This small quaint seaport has roots back to April 7, 1730 when Isaac and Jonathan Green Sr. purchased from Ebenezer Harker "a certain plantation and track of land containing by estimation 441 acres situate lying and being in ye Carterett in ye county of province of aforsaid being ye west side of ye mouth off White Oak River." By 1771 Theophilus Weeks started a town on his plantation, laying out a plat and selling lots. Formerly known as Bogue, Week's Point, The Wharf and New Town, the town was officially designated by the North Carolina General Assembly on May 6, 1783. Above photo (from North Carolina State Archives) courtesy Jack Dudley, as included in Swansboro - A Pictorial Tribute

The White Oak River

By F. L. Morris

Contemporary Photo by David Sobotta
White Oak River served as a highway of travel and transportation for two hundred years before railroads and the automobile came. It is not a great river—only covering 50 miles from its head in the center of White Oak Pocosin in northern Onslow County to Bogue Inlet, where it empties into the Atlantic Ocean.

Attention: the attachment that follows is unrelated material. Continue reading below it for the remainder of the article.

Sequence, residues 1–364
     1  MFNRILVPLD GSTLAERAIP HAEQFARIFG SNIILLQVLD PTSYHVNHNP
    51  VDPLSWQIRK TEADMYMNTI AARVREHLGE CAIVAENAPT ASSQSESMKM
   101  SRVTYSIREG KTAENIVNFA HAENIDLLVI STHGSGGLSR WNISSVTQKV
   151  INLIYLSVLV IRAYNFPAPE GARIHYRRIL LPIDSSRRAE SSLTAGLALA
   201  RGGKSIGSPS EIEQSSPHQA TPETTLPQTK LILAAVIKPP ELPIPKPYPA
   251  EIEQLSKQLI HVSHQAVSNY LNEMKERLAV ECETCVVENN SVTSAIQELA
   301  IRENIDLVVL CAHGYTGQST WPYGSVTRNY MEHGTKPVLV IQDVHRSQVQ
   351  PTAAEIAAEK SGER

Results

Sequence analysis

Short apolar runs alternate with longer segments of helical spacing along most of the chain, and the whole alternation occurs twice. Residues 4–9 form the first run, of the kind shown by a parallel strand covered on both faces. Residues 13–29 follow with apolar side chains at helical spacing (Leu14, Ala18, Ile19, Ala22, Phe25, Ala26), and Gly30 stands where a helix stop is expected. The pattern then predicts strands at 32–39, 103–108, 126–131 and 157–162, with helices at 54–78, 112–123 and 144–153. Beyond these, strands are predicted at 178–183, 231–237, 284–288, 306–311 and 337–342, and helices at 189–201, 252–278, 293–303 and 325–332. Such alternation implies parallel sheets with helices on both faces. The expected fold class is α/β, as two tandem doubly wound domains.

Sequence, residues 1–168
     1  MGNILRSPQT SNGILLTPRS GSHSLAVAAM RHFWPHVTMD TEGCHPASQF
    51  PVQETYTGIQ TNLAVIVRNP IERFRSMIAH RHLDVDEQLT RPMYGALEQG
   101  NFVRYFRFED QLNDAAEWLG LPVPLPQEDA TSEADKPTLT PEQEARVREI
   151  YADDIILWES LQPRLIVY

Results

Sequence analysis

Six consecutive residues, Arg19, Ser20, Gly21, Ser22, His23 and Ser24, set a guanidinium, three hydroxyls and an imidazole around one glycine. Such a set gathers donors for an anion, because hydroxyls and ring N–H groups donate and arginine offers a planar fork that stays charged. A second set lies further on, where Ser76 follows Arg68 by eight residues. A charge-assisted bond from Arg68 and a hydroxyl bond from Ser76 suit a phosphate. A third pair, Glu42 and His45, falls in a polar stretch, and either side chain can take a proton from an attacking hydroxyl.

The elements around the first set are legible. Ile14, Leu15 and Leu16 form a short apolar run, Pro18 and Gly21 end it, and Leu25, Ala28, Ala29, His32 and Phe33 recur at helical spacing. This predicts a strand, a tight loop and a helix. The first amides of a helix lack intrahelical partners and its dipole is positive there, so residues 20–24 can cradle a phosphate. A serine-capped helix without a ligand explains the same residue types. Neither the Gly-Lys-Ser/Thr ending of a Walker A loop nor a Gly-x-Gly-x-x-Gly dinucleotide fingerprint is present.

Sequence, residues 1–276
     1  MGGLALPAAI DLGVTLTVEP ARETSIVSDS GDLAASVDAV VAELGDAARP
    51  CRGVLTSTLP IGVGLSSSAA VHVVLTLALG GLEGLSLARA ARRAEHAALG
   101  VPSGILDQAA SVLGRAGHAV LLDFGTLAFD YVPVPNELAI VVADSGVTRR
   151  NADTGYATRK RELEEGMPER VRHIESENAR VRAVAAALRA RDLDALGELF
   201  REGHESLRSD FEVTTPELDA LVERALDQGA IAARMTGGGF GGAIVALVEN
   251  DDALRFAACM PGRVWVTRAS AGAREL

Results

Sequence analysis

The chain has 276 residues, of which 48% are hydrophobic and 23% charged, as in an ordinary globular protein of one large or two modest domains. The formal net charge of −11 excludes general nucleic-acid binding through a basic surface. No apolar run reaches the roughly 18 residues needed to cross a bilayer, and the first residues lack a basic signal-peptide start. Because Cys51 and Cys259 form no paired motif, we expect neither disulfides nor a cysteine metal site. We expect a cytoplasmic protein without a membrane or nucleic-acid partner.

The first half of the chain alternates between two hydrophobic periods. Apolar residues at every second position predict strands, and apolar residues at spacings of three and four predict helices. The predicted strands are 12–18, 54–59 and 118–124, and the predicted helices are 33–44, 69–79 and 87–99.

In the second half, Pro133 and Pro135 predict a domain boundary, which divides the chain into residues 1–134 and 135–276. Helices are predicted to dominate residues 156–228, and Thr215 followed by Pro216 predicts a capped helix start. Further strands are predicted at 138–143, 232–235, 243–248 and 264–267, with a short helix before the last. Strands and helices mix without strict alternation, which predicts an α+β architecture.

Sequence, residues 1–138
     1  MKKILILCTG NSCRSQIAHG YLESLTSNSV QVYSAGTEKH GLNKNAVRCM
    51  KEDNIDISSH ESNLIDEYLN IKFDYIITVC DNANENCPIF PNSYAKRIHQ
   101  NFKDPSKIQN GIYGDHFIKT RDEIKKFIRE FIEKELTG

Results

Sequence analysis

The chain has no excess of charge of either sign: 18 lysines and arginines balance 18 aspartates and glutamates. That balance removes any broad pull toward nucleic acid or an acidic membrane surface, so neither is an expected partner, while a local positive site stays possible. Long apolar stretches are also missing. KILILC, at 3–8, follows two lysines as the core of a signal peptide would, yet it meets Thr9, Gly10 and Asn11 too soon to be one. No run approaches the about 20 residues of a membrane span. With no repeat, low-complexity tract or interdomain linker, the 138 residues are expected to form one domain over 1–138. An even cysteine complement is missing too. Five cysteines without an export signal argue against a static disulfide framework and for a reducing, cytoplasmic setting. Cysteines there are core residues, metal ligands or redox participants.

Prior to the railroads it had been the camping ground of the Indians, and the deep beds of shells at Cedar Point indicate the Indians had opened oysters there for generations or even centuries. In old permanent homes of the Indians in the mention of old Indian fields, and Indian Creek in lower Jones County and Indian Camp Branch, a prong of Starkey's Creek, in Onslow County must have been their larger settlements.

But these Indians joined the Tuscaroras in the massacre of the settlers along the Neuse and Trent rivers in 1711 and had fled their White Oak homes when the white settlers began to arrive in 1713.

The whites came from further north in this state, from Virginia, Maryland, Connecticut and Massachusetts. Carteret County was set up in 1722, and in 1723 the Carteret Court ordered a bridle road laid out from the court house (where Beaufort is now) to a plantation on White Oak River. Three years later the Carteret Court established a ferry over New River, farther west, for convenience of travelers to the settlements then beginning on the Cape Fear. MORE...

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